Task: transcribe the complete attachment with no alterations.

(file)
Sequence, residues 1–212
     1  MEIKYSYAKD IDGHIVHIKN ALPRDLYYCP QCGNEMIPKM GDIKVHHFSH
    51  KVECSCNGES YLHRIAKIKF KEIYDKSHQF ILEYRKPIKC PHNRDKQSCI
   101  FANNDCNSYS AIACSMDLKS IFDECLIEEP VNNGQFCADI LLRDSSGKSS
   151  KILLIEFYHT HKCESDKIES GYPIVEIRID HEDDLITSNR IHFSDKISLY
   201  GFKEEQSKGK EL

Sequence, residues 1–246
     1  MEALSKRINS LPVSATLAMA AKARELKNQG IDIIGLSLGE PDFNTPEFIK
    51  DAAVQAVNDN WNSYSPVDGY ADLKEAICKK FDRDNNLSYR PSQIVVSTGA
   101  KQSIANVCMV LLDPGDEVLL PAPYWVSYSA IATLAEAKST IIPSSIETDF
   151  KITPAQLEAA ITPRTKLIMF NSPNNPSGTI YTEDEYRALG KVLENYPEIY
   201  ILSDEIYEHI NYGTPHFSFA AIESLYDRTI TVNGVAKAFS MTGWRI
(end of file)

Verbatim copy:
Sequence, residues 1–212
     1  MEIKYSYAKD IDGHIVHIKN ALPRDLYYCP QCGNEMIPKM GDIKVHHFSH
    51  KVECSCNGES YLHRIAKIKF KEIYDKSHQF ILEYRKPIKC PHNRDKQSCI
   101  FANNDCNSYS AIACSMDLKS IFDECLIEEP VNNGQFCADI LLRDSSGKSS
   151  KILLIEFYHT HKCESDKIES GYPIVEIRID HEDDLITSNR IHFSDKISLY
   201  GFKEEQSKGK EL

Sequence, residues 1–246
     1  MEALSKRINS LPVSATLAMA AKARELKNQG IDIIGLSLGE PDFNTPEFIK
    51  DAAVQAVNDN WNSYSPVDGY ADLKEAICKK FDRDNNLSYR PSQIVVSTGA
   101  KQSIANVCMV LLDPGDEVLL PAPYWVSYSA IATLAEAKST IIPSSIETDF
   151  KITPAQLEAA ITPRTKLIMF NSPNNPSGTI YTEDEYRALG KVLENYPEIY
   201  ILSDEIYEHI NYGTPHFSFA AIESLYDRTI TVNGVAKAFS MTGWRI